GOP Rep. Nancy Mace of South Carolina appeared on Fox News‘ America Reports Monday morning and told anchor John Roberts “There will be no deal as far as we’re concerned,” speaking about Democratic efforts to reach a deal with House Republicans over President Biden’s wide-sweeping plan to improve the nation’s infrastructure.
“The White House counter-proposed the Republican counter-proposal by saying it would come down to $1.7 trillion for infrastructure,” Roberts said on his show Monday. “So there’s still a tremendous amount of real estate between the Republicans and the White House. And in the White House counterproposal, they take away almost $40 billion from the traditional infrastructure of roads, bridges and the like. Is there ever going to get a deal done here?” he asked Mace.
Mace responded by saying, “It’s doubtful,” and that she thinks Biden is “just playing footsie with Senate Republicans right now.”
Biden “left all of the horrible Green New Deal spending,” Mace continued, citing her disapproval at funding left in that has been earmarked in Biden’s plan for “environmental justice and social justice that has absolutely nothing to do with traditional infrastructure,” she said.
“I drove my kids this morning to school and dropped them off, and I sat in traffic for quite some time this morning. I understand like every other working American out there, everyone has to take their kids to school. That those things,” she said, presumably referring back to environmental and social justice, “have nothing to do with our roads and bridges, and they’ve got to trim down the bill at 1.7 trillion.”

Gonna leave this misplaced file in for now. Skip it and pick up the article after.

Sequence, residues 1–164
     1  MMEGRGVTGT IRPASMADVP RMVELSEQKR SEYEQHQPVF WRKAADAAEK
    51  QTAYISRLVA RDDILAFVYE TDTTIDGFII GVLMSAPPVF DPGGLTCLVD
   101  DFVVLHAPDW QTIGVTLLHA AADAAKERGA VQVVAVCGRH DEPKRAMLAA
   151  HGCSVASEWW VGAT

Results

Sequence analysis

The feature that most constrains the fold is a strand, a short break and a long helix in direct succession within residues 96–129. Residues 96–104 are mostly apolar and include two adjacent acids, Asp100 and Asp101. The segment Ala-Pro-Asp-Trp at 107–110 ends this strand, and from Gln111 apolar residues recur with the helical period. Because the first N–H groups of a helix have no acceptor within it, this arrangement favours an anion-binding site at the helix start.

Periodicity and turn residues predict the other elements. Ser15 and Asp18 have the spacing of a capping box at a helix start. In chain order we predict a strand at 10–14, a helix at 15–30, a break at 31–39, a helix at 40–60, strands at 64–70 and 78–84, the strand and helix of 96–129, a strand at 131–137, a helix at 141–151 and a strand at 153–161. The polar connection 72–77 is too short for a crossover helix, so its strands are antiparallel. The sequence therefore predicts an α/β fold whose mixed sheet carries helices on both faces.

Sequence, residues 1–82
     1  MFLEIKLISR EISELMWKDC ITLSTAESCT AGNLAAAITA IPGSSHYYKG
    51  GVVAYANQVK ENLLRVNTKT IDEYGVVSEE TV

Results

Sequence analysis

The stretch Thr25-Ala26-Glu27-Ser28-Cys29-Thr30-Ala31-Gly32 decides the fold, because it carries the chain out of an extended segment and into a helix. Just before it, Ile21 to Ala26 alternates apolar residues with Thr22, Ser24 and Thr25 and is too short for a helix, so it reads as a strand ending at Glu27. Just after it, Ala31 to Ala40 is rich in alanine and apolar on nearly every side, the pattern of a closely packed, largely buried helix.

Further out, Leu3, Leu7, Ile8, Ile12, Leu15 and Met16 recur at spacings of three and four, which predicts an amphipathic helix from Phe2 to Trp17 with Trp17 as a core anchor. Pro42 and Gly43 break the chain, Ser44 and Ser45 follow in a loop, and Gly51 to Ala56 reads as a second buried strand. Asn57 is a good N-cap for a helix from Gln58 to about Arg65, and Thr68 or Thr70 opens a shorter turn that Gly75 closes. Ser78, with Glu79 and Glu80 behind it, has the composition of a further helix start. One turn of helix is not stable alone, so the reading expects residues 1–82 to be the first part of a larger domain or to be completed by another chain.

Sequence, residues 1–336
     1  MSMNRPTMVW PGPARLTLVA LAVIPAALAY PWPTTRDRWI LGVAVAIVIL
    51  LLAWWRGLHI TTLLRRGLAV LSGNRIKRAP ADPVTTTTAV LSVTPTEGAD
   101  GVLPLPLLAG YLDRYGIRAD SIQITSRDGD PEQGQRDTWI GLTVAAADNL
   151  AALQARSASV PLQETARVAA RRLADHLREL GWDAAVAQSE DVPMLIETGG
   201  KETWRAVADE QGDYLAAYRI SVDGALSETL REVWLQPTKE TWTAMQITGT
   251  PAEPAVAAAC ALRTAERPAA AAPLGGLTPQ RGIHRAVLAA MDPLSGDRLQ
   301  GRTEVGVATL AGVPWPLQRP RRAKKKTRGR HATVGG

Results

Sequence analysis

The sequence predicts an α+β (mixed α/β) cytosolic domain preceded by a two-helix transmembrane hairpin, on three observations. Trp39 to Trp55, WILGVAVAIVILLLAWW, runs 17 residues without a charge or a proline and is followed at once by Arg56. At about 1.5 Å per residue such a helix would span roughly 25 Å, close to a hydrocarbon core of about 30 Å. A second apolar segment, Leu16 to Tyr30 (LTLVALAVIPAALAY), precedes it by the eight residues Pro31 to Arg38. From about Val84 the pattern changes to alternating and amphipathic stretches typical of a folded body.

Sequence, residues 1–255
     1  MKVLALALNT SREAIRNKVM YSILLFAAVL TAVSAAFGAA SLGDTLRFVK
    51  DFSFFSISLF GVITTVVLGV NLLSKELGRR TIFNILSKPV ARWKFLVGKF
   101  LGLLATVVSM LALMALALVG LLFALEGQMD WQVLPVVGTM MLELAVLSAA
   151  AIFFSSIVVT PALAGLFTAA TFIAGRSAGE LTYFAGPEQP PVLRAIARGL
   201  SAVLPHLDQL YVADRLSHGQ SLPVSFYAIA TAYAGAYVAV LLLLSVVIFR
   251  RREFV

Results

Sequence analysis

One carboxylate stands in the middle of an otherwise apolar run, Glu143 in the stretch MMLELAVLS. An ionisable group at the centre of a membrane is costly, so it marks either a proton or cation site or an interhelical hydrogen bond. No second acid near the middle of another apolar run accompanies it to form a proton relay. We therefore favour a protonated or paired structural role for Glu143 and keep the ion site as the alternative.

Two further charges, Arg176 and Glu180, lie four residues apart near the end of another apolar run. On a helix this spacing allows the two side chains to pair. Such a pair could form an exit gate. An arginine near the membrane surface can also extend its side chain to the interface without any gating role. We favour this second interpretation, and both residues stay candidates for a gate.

“Nancy Pelosi, from the word on the street, is she’s already taken over the House Infrastructure Committee. There will be no deal as far as we’re concerned, which is why you’re seeing Republicans in the Senate and the House put their own proposals and alternative forward, and that’s how we’re going to move forward on this one,” she finished.
What started out at the end of March as a $2.25 trillion “American Jobs Plan” for improving national infrastructure, including things roads, bridges, public transit, railways, seaports, waterways, airports and electric vehicles, with an eye toward shifting to greener energy, has gone through a few rounds of cuts already.
A GOP counter-proposal released near the end of April would cost $568 billion—a significantly lower number than Biden’s initial plan and would cut out funding for several sections of the original bill.
Many of the areas cut include funding for social programs such as care programs for elders and the disabled, and improving wages for home care workers. In Biden’s plan, there is a noted focus on funding for a switch to greener, cleaner energy, and updating our nation’s travel systems to a more sustainable model that doesn’t rely as much on fossil fuels. The Republican counter-offer made wide cuts on that don’t as well.
Democrats responded with another counter-offer Friday, which, though a far cry from the Republican’s $568 billion proposal, reduced Biden’s initial proposal from $2.25 trillion to 1.7 trillion. Democrats hope to make significant progress toward an agreement by Memorial Day, but it remains unclear whether or not that will happen.
Newsweek has reached out to the White House and Mace for comment.